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Too soon for red-state footprint to translate into BancorpSouth loans


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Too soon for red-state footprint to translate into BancorpSouth loans

Although BancorpSouth Inc. is located in "red states," it is too soon in the political cycle for business optimism to translate into business, executives said during the bank's fourth-quarter 2016 earnings call Jan. 26.

The bank reported fourth-quarter 2016 net income of $37.7 million, or 40 cents per share, compared to net income of $37.8 million, or 40 cents per share, a quarter ago and net income of $21.2 million, or 22 cents per share, a year ago. It reported net income of $132.7 million, or $1.41 per share, for 2016, compared to $127.5 million, or $1.33 per share, in 2015.

Management said the bank's west Tennessee, northwest Arkansas, Gulf Coast and northeast Louisana geographies reported "excellent" results, especially in leading sales efforts with deposit growth. Loan production offices in cities like Houston and Dallas also performed well.

Chairman and CEO James Rollins III said much of the bank's southeastern footprint would be "red states" on an election map and that customers are "feeling good" about the direction of the economy following the election of Donald Trump as president. Businesses in the area are beginning to discuss future expenditures and are excited about potential changes, but it is too soon for that sentiment to translate into results at the bank.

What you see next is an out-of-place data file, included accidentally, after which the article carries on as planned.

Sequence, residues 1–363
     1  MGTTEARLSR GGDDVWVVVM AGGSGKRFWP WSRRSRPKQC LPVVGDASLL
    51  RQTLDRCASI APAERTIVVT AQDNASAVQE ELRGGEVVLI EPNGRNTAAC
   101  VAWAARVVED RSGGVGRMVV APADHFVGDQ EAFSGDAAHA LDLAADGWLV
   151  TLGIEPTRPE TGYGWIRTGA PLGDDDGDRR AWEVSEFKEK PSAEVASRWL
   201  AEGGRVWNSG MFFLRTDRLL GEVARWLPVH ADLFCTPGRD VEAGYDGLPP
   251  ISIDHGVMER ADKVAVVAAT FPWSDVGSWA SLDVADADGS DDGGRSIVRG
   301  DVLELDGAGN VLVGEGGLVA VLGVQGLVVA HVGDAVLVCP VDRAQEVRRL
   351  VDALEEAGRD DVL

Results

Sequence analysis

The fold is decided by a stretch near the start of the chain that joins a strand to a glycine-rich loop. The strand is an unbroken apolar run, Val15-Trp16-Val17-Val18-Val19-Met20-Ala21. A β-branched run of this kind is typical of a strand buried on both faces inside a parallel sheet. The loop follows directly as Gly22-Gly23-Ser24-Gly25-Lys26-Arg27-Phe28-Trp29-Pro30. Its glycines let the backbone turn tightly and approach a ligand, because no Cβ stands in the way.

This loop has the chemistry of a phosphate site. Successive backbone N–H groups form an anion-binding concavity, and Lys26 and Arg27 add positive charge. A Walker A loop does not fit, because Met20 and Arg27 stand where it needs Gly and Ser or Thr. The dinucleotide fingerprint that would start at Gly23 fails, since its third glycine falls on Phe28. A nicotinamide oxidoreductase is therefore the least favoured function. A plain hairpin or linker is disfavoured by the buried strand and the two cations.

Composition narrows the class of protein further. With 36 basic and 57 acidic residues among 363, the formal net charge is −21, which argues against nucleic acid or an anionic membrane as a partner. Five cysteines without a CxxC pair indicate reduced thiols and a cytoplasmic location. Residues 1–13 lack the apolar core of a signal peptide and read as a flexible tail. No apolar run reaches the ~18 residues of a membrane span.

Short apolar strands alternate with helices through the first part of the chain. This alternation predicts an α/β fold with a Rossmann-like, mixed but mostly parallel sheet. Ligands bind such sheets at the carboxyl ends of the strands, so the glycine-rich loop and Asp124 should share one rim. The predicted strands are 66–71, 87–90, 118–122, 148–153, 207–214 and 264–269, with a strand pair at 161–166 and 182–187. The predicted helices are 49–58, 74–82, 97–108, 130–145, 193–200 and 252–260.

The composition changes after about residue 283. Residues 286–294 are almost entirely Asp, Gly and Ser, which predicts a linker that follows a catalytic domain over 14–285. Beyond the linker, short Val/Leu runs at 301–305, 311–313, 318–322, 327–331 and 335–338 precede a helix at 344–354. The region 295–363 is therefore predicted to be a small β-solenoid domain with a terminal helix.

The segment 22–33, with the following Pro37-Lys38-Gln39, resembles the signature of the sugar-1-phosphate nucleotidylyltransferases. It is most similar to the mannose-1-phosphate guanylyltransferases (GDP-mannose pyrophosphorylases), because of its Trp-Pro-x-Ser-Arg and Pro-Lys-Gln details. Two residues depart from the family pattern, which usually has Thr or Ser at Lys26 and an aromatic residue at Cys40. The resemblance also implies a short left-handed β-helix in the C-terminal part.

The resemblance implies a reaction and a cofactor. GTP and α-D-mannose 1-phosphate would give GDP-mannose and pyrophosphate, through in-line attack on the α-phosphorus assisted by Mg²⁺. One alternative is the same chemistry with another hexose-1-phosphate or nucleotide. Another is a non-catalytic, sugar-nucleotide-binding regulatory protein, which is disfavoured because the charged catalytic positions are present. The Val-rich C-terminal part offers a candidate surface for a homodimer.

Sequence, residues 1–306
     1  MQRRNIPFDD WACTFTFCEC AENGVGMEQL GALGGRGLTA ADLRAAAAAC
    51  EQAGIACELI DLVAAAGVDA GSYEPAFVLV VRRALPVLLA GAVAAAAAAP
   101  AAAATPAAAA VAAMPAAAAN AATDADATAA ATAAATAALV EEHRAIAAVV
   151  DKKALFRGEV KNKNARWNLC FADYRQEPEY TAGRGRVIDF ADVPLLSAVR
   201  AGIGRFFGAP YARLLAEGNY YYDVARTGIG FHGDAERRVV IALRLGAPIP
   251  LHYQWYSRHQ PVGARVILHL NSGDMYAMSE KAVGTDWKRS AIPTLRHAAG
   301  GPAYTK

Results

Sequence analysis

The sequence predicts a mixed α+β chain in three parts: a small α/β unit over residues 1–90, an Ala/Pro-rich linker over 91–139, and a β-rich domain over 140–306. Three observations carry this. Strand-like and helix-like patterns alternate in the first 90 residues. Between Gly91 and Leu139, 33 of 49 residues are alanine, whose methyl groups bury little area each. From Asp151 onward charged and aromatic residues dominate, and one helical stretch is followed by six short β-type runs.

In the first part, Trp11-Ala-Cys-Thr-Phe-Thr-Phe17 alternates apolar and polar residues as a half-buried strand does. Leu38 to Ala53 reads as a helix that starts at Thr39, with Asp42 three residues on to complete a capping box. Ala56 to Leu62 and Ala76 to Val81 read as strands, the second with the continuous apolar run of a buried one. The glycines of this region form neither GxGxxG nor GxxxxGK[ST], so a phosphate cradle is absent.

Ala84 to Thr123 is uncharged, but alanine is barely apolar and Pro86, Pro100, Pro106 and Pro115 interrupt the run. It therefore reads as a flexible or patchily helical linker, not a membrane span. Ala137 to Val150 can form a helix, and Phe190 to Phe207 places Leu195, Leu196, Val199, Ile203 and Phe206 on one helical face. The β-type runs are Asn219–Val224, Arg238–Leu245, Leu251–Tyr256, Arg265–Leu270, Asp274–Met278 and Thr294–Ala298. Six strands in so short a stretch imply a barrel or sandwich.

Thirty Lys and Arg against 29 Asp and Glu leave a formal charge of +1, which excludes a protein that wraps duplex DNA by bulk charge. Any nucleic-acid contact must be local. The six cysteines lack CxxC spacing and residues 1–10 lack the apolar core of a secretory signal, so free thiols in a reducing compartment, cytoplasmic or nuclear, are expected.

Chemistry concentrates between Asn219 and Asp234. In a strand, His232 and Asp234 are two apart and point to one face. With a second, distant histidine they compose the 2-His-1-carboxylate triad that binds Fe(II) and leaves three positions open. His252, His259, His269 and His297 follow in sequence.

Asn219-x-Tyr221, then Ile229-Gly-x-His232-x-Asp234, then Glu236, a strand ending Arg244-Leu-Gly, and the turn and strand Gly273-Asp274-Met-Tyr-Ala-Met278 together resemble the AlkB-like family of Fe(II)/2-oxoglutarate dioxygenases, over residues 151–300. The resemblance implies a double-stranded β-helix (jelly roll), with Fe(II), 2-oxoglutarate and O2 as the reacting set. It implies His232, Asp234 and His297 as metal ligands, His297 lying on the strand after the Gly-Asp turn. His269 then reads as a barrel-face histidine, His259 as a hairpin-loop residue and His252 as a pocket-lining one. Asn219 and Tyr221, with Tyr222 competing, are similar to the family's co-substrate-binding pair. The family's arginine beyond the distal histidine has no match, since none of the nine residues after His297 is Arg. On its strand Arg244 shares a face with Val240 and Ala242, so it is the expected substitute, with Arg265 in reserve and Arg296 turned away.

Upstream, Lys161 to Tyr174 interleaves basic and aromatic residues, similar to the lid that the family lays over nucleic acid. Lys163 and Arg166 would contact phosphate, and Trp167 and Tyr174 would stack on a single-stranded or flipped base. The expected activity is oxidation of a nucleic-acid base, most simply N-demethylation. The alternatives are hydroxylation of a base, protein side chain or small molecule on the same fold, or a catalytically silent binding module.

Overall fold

The bank is also gearing up for its Community Reinvestment Act review, conducted by the FDIC, which will begin next week. Rollins said he anticipates regulators will be onsite for between three and five weeks, but could stay longer given that the exam is not time-dependent. Bank unit BancorpSouth Bank's CRA rating was retroactively downgraded to "needs to improve" by the regulator in August 2016, following its June 2016 consent order with the U.S. Justice Department and the Consumer Financial Protection Bureau to settle alleged violations of the Equal Credit Opportunity Act and the Fair Housing Act. Until its rating is upgraded back to "satisfactory," the bank is unlikely to receive approval from the Federal Reserve or the FDIC to complete its pending acquisitions of Ouachita Bancshares Corp. and Central Community Corp.

The chief executive said the bank has loaded "thousands" of pages of information for the review, and executives anticipate receiving communication from regulators during the first quarter with their thoughts on bank practices.

"I expect they'll be able to get in and out in a reasonable time period and make their conclusions and we're hopeful that ... those conclusions are no later than early second quarter," he said.